A Child's Garden of Verses

Song Cycle by Robert Edward Jager (b. 1939)

Word count: 512

?. From a railway carriage [sung text not yet checked]

Faster than fairies, faster than witches,
Bridges and houses, hedges and ditches;
And charging [along]1 like troops in a battle,
All through the meadows the horses and cattle:
All of the sights of the hill and the plain
Fly as thick as driving rain;
And ever again, in the wink of an eye,
Painted stations whistle by.

Here is a child who clambers and scrambles,
All by himself and gathering brambles;
Here is a tramp who stands and gazes;
And there is the green for stringing the daisies!
Here is a cart run away in the road
Lumping along with man and load;
And here is a mill and there is a river:
Each a glimpse and gone for ever!

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1 Morawetz, Williamson: "alone" (?) (needs re-checking)

Researcher for this text: Emily Ezust [Administrator]

?. The wind [sung text not yet checked]

I saw you toss the kites on high
And blow the birds about the sky;
And all around I heard you pass,
Like ladies' skirts across the grass -- 
  O wind, a-blowing all day long,
  O wind, that sings so loud a song!

I saw the different things you did,
But always you yourself you hid.
I felt you push, I heard you call,
I could not see yourself at all -- 
  O wind, a-blowing all day long,
  O wind, that sings so loud a song!

O you that are so strong and cold,
O blower, are you young or old?
Are you a beast of field and tree,
Or just a stronger child than me?
  O wind, a-blowing all day long,
  O wind, that sings so loud a song!

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First published in Magazine of Art, July 1884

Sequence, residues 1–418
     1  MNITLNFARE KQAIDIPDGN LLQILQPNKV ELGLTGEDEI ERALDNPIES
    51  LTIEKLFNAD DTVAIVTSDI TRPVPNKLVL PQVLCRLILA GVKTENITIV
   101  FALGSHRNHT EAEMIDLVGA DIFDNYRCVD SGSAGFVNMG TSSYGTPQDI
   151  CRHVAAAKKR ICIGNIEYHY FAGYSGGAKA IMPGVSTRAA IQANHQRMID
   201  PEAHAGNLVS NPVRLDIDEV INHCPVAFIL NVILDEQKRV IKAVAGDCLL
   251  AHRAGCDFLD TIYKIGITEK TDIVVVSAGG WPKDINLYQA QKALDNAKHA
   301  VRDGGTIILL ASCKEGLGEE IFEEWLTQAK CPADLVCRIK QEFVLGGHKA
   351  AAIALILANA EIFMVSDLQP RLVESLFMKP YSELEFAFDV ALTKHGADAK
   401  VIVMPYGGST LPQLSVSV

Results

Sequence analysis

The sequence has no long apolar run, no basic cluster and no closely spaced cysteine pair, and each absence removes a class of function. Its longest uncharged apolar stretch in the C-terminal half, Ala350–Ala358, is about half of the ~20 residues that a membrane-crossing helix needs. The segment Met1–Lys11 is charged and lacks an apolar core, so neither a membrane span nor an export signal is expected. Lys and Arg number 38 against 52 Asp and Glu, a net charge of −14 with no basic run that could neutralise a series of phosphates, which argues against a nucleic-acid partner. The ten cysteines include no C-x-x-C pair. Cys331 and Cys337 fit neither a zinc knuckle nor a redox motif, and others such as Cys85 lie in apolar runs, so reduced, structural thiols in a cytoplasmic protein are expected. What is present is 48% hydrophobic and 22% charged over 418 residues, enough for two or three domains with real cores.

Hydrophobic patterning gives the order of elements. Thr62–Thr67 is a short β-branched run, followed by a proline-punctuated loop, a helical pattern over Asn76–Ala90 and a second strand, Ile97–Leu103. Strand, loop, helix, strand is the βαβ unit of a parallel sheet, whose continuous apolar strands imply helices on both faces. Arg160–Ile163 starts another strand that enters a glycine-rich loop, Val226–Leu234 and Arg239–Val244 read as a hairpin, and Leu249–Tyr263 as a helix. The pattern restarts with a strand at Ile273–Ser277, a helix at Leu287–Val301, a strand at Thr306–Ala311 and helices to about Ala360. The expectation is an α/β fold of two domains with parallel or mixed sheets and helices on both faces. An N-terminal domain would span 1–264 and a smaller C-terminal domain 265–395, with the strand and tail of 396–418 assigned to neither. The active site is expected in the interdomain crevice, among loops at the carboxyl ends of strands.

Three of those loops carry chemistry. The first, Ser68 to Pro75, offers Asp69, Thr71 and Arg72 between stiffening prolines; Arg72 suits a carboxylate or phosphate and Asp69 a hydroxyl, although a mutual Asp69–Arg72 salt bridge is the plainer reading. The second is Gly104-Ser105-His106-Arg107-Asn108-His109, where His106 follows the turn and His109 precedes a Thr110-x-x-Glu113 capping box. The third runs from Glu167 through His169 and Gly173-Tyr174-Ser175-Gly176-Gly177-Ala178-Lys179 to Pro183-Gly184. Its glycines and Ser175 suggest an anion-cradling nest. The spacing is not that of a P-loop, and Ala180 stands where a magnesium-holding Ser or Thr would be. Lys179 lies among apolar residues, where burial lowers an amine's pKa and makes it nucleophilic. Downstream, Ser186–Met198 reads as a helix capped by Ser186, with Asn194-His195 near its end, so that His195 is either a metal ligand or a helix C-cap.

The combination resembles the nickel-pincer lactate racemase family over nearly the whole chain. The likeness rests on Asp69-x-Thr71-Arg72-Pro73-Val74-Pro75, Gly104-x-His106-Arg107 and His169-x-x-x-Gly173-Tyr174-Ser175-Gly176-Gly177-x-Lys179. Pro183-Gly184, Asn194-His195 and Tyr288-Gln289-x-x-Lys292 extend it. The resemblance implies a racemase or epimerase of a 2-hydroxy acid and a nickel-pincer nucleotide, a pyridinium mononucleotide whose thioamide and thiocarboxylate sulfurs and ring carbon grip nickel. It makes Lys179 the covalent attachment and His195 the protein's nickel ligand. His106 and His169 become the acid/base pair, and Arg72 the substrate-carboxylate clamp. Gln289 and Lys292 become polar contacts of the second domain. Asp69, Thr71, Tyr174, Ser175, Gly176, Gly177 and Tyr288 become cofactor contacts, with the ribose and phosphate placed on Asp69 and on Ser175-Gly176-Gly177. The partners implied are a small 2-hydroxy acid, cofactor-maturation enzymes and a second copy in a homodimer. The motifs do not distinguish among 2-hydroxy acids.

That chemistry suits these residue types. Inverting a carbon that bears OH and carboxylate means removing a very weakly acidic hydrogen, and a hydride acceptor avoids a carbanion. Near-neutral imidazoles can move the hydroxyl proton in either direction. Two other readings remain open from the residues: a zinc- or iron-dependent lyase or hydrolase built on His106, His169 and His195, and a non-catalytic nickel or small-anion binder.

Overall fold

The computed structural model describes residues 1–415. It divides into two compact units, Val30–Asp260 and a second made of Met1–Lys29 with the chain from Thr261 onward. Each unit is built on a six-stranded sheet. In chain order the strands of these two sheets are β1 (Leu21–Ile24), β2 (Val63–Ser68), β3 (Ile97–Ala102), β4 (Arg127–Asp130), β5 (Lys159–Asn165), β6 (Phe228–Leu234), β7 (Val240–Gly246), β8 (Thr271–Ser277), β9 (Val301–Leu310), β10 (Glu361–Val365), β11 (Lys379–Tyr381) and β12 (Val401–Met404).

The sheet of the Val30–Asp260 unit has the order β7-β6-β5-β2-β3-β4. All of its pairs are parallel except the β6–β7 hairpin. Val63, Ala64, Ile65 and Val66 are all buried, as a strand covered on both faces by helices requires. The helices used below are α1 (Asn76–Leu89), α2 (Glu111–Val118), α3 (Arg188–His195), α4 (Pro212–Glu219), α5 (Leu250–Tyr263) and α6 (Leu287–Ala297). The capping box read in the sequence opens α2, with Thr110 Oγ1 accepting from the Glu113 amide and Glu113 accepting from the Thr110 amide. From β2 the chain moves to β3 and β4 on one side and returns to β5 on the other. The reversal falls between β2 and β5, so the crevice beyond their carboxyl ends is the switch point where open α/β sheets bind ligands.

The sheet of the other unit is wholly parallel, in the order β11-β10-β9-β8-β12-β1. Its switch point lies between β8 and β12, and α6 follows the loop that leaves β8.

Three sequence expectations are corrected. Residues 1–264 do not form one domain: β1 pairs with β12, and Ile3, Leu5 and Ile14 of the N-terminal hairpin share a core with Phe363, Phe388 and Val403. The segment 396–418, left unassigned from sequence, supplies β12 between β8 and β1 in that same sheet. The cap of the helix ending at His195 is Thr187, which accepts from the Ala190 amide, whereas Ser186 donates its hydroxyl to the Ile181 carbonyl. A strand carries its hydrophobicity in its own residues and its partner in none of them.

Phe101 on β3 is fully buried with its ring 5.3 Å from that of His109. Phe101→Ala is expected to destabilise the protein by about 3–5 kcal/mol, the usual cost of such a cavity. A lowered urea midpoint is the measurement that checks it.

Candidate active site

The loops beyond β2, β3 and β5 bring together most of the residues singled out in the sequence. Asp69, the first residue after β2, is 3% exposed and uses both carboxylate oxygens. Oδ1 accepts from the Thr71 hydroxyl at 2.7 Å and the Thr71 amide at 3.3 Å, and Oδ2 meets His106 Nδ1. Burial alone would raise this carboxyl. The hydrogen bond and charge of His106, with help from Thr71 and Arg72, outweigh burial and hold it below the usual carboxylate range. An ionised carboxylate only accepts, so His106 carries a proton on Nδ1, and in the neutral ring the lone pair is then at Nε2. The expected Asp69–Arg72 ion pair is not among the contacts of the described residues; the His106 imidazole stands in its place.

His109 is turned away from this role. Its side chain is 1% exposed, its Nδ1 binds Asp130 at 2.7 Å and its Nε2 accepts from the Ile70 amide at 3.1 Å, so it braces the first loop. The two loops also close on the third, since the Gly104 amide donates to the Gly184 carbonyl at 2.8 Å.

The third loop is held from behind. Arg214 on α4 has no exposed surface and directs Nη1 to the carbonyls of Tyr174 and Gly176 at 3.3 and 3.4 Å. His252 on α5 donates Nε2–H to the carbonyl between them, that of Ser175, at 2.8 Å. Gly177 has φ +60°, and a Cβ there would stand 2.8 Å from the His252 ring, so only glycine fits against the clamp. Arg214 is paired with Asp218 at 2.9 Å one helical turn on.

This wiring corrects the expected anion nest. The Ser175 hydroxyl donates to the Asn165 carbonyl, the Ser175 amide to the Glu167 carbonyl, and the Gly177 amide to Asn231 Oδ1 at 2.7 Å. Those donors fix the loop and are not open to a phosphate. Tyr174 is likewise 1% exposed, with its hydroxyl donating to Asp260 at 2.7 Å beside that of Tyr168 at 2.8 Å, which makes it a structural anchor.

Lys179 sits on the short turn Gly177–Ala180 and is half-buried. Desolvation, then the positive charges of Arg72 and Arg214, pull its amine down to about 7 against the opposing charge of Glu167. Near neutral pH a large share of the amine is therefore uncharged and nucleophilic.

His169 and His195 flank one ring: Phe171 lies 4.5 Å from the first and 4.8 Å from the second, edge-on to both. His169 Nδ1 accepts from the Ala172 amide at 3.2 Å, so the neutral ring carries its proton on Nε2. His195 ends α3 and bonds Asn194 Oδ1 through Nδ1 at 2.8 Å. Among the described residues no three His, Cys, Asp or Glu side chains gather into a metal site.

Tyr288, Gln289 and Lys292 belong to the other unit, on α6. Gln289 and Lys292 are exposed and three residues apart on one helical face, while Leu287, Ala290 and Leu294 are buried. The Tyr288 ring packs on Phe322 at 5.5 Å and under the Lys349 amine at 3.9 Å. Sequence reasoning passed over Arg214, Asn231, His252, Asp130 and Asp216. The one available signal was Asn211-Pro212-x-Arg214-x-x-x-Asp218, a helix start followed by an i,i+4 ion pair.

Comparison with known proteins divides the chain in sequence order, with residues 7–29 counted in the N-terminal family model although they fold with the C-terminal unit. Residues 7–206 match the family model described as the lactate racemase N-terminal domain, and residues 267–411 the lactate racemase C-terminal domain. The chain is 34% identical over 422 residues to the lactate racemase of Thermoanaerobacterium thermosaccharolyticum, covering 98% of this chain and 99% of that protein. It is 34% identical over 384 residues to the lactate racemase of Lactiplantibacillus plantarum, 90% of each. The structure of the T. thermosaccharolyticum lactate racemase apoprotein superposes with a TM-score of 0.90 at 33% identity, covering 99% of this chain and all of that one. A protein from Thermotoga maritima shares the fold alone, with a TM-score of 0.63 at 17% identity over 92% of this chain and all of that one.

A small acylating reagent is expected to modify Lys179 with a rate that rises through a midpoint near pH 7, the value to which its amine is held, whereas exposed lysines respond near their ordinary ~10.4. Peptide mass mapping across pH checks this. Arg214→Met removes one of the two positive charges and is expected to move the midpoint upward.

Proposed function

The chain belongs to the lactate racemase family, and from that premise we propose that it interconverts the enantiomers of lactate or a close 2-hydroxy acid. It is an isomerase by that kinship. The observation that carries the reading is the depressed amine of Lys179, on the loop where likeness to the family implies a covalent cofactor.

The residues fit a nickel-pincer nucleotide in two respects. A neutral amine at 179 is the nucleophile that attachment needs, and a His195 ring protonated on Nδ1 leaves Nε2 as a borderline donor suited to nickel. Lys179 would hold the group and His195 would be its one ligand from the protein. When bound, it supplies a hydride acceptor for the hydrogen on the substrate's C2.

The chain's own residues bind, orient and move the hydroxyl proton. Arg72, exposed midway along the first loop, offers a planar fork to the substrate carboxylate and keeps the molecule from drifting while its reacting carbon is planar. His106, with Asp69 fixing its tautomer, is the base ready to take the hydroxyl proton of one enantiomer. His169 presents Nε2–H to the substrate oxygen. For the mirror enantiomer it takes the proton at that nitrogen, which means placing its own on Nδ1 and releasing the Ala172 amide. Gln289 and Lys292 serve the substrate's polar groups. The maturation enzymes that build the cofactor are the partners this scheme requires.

Researcher for this text: Emily Ezust [Administrator]

?. A happy thought [sung text not yet checked]

The world is so full of a number of things,
I'm sure we should all be as happy as kings.

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Available translations, adaptations or excerpts, and transliterations (if applicable):

  • ITA Italian (Italiano) (Paolo Montanari) , "Pensiero felice", copyright © 2010, (re)printed on this website with kind permission

Researcher for this text: Emily Ezust [Administrator]

?. Going to sleep [sung text not yet checked]

The lights from the parlour and kitchen shone out
  Through the blinds and the windows and bars;
And high overhead and all moving about,
  There were thousands [of]1 millions of stars.
There ne'er were such thousands of leaves on a tree,
  Nor of people in church or the Park,
As the crowds of the stars that looked down upon me,
  And that glittered and winked in the dark.

The Dog, and the Plough, and the Hunter, and all,
  And the star of the sailor, and Mars,
These shone in the sky, and the pail by the wall
  Would be half full of water and stars.
They saw me at last, and they chased me with cries,
  And they soon had me packed into bed;
But the glory kept shining and bright in my eyes,
  And the stars going round in my head.

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Available translations, adaptations or excerpts, and transliterations (if applicable):

  • FRE French (Français) (Sylvain Labartette) , "Les étoiles", copyright © 2007, (re)printed on this website with kind permission

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1 Lehmann: "and"

Research team for this text: Emily Ezust [Administrator] , Garrett Medlock [Guest Editor]

?. The Land of Counterpane [sung text not yet checked]

When I was sick and lay a-bed,
I had two pillows at my head,
And all my toys beside me lay,
To keep me happy all the day.

And sometimes for an hour or so
I watched my leaden soldiers go,
With different uniforms and drills,
Among the bed-clothes, through the hills;

And sometimes sent my ships in fleets
All up and down among the sheets;
Or brought my trees and houses out,
And planted cities all about.

I was the giant great and still
That sits upon the pillow-hill,
And sees before him, dale and plain,
The pleasant land of counterpane.

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First published in Magazine of Art, July 1884

Researcher for this text: Emily Ezust [Administrator]